This is the story of owning and operating a 1993 Beech Bonanza A36 in the UK and some of its adventures and flights. I have owned this plane for over six years now.
A while ago a pilot borrowing my plane who was considerably more experienced than me was doing some refresher training in my plane with an instructor from Pool Aviation and he was shown how to use the flight director properly. He rang me that night raving about it and saying how he couldn't believe how he had flown without one all the years he had been flying.
Yesterday I too flew with that instructor and I asked him about the flight director fitted to my Beech Bonanza and within a few minutes he had shown me what I was missing. I cant believe that I have owned G-FOZZ for over a year and not used it. In fact I would go as far as to say that this bit of training was the best and most useful training I have received since doing my PPL. That's not to belittle any of the other training I have received but simply to get across how important that piece of equipment is especially for flying IFR.
I have always known how to use my auto-pilot and found that extremely useful but the flight director without the auto-pilot is an awesome piece of kit and reduces IFR workload immensely. The scan is so much easier when you are relying on one piece of equipment for almost all your info and using the others for backup rather than making a picture out of several instruments.
If you have not used a flight director and the plane you fly has one then I seriously recommend that you get some training on it.
For a long time I have been wanting to propose to my girlfriend Penny and show her that I am a little bit romantic (she knows I am quite bad at romance really). When doing my IMC training I thought that being on-top of the clouds is a seriously lovely place to be so I decided that once I has passed my IMC I would fly Penny to this lovely place and propose. I purchased the ring and kept it in my flying bag but my IMC test has frustratingly been delayed many times due to seriously IMC weather. Yesterday on the day I finally got my IMC rating it was ironically an almost cloudless day in Lancashire but I thought it was time so I flew Penny (and our four children) to Wales and at 6000 feet proposed. Penny accepted and seemed very impressed with my romantic gesture. The kids were more keen to land at EGCK for an ice cream! I suspect I will be allowed to keep the Bonanza for ever now it is enshrined as the place I proposed to her ;-)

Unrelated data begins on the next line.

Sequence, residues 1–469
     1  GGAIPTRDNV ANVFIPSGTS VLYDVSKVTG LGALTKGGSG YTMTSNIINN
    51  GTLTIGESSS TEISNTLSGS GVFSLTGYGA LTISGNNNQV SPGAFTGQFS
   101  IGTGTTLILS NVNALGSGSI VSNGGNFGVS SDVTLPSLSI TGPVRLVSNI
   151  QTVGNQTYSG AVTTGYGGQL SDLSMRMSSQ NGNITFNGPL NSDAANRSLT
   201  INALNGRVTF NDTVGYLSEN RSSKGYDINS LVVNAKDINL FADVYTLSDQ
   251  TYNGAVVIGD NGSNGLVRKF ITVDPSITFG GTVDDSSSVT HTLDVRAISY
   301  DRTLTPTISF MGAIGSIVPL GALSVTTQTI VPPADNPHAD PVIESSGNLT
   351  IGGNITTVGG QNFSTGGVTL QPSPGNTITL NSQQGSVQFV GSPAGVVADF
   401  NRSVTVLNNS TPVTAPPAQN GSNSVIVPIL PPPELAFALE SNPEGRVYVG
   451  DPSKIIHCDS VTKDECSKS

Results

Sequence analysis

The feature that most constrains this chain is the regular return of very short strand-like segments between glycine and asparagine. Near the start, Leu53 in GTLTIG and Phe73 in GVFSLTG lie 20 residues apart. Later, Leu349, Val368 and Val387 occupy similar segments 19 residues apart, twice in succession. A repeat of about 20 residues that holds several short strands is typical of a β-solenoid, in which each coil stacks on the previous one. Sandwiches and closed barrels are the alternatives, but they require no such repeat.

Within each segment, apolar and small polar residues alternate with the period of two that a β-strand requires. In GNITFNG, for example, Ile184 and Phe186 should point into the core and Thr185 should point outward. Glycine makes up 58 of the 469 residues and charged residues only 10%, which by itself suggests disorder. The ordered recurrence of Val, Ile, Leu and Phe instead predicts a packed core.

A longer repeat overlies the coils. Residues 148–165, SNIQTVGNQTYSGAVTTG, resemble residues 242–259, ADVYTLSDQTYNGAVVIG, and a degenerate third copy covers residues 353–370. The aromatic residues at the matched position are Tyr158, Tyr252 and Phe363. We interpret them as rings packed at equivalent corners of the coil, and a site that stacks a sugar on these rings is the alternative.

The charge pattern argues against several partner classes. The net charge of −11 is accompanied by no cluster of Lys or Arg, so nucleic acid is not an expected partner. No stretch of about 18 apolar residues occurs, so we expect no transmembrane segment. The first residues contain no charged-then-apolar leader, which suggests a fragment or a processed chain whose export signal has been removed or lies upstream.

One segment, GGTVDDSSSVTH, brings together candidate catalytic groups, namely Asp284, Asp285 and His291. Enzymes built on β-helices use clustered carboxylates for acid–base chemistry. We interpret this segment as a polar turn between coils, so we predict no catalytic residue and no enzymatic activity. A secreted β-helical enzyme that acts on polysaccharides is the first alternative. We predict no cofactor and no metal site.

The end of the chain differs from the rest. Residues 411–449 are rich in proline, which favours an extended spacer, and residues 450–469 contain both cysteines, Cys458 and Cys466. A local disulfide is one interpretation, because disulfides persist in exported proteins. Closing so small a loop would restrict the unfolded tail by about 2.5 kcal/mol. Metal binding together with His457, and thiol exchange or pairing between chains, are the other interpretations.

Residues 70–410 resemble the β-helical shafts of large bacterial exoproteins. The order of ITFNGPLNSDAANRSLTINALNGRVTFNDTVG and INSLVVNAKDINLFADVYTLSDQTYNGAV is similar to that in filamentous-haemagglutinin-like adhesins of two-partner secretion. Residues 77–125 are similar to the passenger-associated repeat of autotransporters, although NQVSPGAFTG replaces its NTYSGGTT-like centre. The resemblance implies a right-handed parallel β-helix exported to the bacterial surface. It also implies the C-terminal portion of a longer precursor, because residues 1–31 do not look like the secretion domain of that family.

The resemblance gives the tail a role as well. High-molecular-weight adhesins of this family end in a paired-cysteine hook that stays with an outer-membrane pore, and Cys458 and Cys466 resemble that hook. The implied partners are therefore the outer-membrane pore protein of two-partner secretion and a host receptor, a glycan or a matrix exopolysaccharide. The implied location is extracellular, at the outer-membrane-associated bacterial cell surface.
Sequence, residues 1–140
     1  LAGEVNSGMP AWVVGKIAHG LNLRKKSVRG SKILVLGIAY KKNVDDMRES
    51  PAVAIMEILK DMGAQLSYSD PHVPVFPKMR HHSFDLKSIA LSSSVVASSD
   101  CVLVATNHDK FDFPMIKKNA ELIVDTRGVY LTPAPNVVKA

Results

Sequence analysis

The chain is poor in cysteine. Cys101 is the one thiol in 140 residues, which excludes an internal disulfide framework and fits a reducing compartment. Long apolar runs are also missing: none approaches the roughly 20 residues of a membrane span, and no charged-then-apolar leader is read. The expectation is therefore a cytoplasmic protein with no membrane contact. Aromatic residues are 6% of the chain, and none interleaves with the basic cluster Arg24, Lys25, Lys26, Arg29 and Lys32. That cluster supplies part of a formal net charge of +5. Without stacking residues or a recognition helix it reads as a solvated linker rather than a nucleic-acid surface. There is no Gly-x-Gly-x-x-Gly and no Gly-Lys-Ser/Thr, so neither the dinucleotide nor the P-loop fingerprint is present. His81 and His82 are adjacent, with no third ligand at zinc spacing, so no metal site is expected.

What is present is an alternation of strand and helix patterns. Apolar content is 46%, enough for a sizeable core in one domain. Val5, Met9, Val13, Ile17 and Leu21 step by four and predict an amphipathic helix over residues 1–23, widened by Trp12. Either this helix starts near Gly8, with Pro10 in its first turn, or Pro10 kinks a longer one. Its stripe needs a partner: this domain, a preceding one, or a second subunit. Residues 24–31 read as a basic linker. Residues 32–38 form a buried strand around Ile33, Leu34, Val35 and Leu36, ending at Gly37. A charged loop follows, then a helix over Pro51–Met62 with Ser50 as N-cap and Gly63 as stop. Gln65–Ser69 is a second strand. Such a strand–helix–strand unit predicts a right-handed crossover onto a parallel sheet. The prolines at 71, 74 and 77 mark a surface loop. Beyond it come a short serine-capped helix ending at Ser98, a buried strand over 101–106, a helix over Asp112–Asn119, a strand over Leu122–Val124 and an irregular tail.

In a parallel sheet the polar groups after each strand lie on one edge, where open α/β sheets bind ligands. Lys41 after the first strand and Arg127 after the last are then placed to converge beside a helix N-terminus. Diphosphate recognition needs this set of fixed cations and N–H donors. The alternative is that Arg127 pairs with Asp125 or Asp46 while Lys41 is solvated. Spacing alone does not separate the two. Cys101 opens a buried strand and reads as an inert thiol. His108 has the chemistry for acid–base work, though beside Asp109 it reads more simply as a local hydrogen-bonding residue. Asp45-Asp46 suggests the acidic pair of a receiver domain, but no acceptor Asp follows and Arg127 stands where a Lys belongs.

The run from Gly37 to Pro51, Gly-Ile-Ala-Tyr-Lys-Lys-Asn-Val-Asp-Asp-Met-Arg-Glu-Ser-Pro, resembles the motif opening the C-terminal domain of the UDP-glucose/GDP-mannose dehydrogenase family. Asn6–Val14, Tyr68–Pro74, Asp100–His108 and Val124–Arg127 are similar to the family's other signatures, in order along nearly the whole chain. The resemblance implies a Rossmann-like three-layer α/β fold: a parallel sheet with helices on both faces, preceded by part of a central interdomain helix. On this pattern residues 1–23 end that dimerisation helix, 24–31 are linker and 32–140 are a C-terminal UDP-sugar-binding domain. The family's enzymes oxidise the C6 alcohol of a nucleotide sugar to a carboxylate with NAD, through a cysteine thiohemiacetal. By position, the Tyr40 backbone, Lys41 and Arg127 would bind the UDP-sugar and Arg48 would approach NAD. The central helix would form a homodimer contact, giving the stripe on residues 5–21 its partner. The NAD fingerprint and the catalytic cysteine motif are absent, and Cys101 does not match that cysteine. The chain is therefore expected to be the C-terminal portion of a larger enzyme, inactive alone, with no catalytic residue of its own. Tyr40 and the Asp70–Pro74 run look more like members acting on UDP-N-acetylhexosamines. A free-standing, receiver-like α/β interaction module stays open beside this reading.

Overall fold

I passed my IMC test today! At last I can get some use out of my Bonanza A36 that goes beyond the basic bouncing around at 1500 feet. Mind you I think I am going to ease myself into more adventurous use.
My IMC Test was cancelled for 3rd time today when 50kt winds blew threw Blackpool. Luckily I have been able to re-arrange it for Sunday so fingers crossed.
Well I have not found time to put an update on this site so but today due to the continaul poor weather I have had my final IMC lesson cancelled and tomorrow my test will be cancelled too. Very dissapointing as the first day we can get together for now is a week away. Mind you the weather looks crap for the next few days.
I flew the Bonanza on Monday to Walney from Blackpool. A whole 7 minutes! I had a 210kt ground speed with the strong winds earlier this week that preceeded the crap weather. That was fun but what I love about the Bonanza A36 is the way it handles the into wind legs. Because it has such a good range of speed you can add in just a little more power than the outbound leg and make up some of the speed lost to the headwind. I used to get very frustrated in a slower plane once you turned into wind but I was still getting a very respectable 140kt GS on the return leg. Thats still faster than my previous plane which was a 182 which are not slow anyway.
Anyway back to flying on MS Flight Sim for another week practising my NDB holds and hoping for the weather to improve.